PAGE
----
Ai Weiwei: Interlacing

At the Jeu de Paume, Weiwei's first large-scale exhibition in France focusses on his diverse, complex production and the "interlacing" and "networking" typical of his output.

Ai Weiwei — probably the world's most famous Chinese living artist — has, over the course of his career, consistently criticized the current political situation of his home country. Through diverse formats — architecture, sculpture, photography, or writing — Weiwei communicates current topics and social issues in China. In Paris, photography gallery Jeu de Paume now presents "Interlacing", curated by Urs Stahel, the first major exhibition in France devoted to the artist who brings life into art and art into life.

Ai Weiwei's work could be defined as a Chinese contemporary Costumbrismo , rooted on a permanent political scene criticism. This wonderful exhibition collects many of Weiwei's most important projects in a chronological format: from his professional origins in Beijing where he joined the artist collective The Stars — which rejected Social Realism and advocated artistic individualism and experimentation in art — to his steps in New York, where Weiwei studied at Parsons and came across artists like Allen Ginsberg, Jasper Johns, Andy Warhol, and, above all, Marcel Duchamp. The show also explores the return of Weiwei to China, where he established a studio in Shanghai for a short period, before finally settling in Beijing.

The exhibition focuses precisely on Ai Weiwei's diversity, complexity and his ability to create links, the "interlacing" and "networking" typical of his output, that one can discover here through hundreds of photographs — often taken with a mobile phone — and texts posted on his blog or on Twitter, as well as in explanatory essays.
Top: <em>June</em>, 1994. Above:<em>Olympic Stadium</em>, 2005-2008
Top: June , 1994. Above:Olympic Stadium , 2005-2008
The exhibition is organized into 11 sections or projects, related to each one of his topics of interest. Some of the most interesting and unknown categories that Urs Stahel has established to explain Weiwei's work are the following:

New York Photographs, 1983–93
During these years in New York, Weiwei photographed the East Village, where he lived, as well as other places before his return to Beijing in 1993. He also recorded images of himself and the people he met: the Chinese artists who visited him in his tiny apartment and his American friends. In 1988 the mood of his photographs changed radically. Weiwei moved away from these tranquil, casual portraits and townscapes and started to focus on the "dark sides" of urban life, on decay and homelessness, but also on the human rights demonstrations in the streets and the police brutality accompanying them.

Beijing Photographs, 1993–2002
Ai Weiwei returned to China in 1993, he continued his Costumbrist -style photography, capturing everyday moments of his new life in Beijing. A selection of unpublished photographs has been specifically chosen for this exhibition. They depict Weiwei's everyday and artistic activities as well as the growth of the contemporary Chinese art scene in Beijing during the early 1990s.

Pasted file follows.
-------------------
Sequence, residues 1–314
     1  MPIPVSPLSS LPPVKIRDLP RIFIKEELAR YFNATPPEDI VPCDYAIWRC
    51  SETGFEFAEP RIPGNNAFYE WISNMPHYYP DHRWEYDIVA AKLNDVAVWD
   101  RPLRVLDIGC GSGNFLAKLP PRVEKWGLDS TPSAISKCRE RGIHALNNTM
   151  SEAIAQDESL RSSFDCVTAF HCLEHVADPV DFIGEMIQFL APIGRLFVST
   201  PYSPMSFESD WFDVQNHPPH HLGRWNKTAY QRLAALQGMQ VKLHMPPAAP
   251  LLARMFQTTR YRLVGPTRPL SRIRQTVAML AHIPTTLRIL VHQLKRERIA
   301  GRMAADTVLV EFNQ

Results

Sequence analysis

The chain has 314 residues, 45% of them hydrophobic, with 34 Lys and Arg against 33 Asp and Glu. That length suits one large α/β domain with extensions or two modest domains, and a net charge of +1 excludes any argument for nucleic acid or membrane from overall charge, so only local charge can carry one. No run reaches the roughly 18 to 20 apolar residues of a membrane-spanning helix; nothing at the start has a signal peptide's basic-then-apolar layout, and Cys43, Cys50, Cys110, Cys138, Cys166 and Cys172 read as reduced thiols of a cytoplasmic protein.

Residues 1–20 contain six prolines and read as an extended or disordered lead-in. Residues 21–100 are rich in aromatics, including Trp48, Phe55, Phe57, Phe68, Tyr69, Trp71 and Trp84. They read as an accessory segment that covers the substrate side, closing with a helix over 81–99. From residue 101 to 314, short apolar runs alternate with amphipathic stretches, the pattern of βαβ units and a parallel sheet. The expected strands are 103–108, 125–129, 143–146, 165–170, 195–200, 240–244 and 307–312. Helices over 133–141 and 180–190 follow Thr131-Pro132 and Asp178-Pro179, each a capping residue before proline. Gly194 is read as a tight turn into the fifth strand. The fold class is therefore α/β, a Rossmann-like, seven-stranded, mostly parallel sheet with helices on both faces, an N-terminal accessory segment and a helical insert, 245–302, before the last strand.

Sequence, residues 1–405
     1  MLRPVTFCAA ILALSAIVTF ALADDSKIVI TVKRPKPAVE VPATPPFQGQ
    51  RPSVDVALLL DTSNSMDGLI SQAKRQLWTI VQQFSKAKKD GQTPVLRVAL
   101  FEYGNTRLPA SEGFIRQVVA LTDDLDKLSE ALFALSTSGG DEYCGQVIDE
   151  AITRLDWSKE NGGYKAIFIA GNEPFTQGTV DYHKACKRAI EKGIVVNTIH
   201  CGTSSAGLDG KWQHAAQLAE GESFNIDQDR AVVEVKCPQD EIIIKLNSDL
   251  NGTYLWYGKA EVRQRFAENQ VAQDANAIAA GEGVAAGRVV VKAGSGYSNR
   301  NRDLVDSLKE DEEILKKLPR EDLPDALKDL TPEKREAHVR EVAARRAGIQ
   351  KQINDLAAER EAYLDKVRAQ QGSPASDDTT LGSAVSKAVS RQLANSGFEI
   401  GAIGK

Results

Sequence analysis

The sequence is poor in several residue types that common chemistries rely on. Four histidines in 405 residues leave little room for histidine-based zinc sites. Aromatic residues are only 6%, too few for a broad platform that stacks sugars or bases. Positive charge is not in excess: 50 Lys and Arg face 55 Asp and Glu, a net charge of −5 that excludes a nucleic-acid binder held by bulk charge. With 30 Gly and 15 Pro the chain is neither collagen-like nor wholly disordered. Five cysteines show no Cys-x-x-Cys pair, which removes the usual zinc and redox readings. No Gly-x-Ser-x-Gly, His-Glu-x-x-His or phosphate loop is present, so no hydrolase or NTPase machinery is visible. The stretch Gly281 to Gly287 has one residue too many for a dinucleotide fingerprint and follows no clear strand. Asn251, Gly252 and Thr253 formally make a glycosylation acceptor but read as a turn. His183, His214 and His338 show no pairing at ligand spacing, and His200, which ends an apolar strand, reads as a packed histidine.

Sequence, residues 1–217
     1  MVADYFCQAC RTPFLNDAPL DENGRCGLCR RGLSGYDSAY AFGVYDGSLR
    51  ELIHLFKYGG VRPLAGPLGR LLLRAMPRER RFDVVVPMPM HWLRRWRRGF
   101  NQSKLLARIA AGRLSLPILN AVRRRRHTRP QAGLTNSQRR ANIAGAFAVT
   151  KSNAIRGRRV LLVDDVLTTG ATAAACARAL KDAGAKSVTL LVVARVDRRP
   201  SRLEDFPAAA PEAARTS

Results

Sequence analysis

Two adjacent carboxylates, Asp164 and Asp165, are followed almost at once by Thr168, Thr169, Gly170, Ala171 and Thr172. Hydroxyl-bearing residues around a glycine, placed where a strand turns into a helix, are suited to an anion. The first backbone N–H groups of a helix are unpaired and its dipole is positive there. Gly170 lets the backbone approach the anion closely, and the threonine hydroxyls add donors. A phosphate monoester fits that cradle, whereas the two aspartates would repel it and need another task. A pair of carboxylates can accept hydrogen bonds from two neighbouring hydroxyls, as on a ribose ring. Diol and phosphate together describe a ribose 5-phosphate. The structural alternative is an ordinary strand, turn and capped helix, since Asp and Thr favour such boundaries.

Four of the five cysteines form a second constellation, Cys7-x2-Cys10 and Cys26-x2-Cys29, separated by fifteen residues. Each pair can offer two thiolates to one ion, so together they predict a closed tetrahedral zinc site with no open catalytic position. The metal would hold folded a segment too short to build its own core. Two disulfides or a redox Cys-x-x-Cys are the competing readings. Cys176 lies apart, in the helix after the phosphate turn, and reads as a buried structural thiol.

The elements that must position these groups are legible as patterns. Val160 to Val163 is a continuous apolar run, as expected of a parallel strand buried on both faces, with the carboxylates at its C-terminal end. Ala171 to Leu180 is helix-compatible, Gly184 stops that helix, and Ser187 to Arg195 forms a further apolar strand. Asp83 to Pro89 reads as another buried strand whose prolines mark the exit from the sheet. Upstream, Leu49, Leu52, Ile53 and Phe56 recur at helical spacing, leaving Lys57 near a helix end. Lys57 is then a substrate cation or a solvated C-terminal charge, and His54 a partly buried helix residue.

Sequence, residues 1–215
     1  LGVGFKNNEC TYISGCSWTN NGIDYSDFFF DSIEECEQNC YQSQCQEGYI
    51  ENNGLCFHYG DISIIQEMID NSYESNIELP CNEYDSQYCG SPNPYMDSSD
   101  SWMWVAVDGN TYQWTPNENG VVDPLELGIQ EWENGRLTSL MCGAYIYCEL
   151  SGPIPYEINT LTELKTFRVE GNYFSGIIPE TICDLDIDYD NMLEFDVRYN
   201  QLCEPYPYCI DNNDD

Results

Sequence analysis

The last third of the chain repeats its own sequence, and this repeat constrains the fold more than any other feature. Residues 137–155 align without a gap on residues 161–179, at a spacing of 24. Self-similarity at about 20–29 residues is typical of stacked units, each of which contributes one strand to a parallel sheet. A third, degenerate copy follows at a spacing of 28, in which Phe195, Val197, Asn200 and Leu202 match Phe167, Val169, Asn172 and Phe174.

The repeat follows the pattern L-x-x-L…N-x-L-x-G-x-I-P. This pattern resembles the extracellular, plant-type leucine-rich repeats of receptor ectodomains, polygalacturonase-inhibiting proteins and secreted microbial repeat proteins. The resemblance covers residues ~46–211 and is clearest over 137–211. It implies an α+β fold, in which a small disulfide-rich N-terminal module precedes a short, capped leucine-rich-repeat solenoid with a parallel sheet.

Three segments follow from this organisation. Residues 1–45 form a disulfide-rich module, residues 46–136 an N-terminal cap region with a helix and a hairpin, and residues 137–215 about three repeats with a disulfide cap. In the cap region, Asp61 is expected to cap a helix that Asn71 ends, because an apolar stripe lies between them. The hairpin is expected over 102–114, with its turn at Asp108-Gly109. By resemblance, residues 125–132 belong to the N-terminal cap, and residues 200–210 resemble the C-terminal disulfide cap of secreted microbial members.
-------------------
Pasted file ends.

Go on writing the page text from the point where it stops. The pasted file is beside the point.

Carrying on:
<em>Provisional landscapes</em>, 2002-2008
Provisional landscapes , 2002-2008
Provisional Landscapes, 2002–08
This series was photographed between 2002 and 2008 in various cities in China. Since 1949 all land in China has belonged to the State, which allows it to develop large parcels of land without negotiations with landowners. Before a new development is begun, vast empty plots suddenly appear. Where the small houses and lanes characteristic of traditional China known as hutongs had recently stood, now lie only piles of rubble and debris. These landscapes are indeed only "provisional", a temporary void that marks the end of the old way of life before the arrival of the new.

Bird's Nest, 2005–08
Ai Weiwei was part of the team together with Herzog & de Meuron to design the Beijing National Stadium to host the 2008 Olympic Games. Weiwei was serving as artistic consultant for the design. As with all of his projects, Ai religiously documented the construction, sometimes over a 24-hour period.
Ai Weiwei's work could be defined as a Chinese contemporary Costumbrismo, rooted on a permanent political scene criticism
<em>Study of Perspective — Eiffel Tower</em>, 1995-2003
Study of Perspective — Eiffel Tower , 1995-2003
Fairytale Portraits, 2007
For Documenta 12 in Kassel, the artist undertook arguably one of his most ambitious art projects. The centrepiece involved bringing 1,001 Chinese citizens to Kassel. In China, obtaining a passport for foreign travel is extremely difficult and, for most of the poor, more like a fairytale dream than a reality. For the project Weiwei recruited Chinese people of all backgrounds, and photographed each person near the different embassies where they were interviewed prior to getting their papers processed.

Study of Perspective, 1995–2010
The first Study of Perspective was shot in Tiananmen Square, Beijing, 1995, and the series is continually growing. It is a simple gesture that speaks volumes about the artist's perspective on authority and the autonomous right of the individual to freedom of expression.
<em>Sichuan Earthquake</em>, 2008-2010
Sichuan Earthquake , 2008-2010
Cell Phone Photographs, 2009–10
Since Ai Weiwei's blog was shut down in 2009, he has used Twitter as his online communication platform. Embracing the technology of mobile phone cameras, Weiwei often takes photographs with his phone and transmits them immediately onto his Twitter page.

The exhibition is completed with three more series: Beijing Airport Terminal 3 (2002–07), Earthquake (2008–10) and Shanghai Studio (2010–11).

Ai Weiwei: Interlacing
Jeu de Paume
21 February – 29 April 2012
1 Place de la Concorde, Paris Through 29 April 2012

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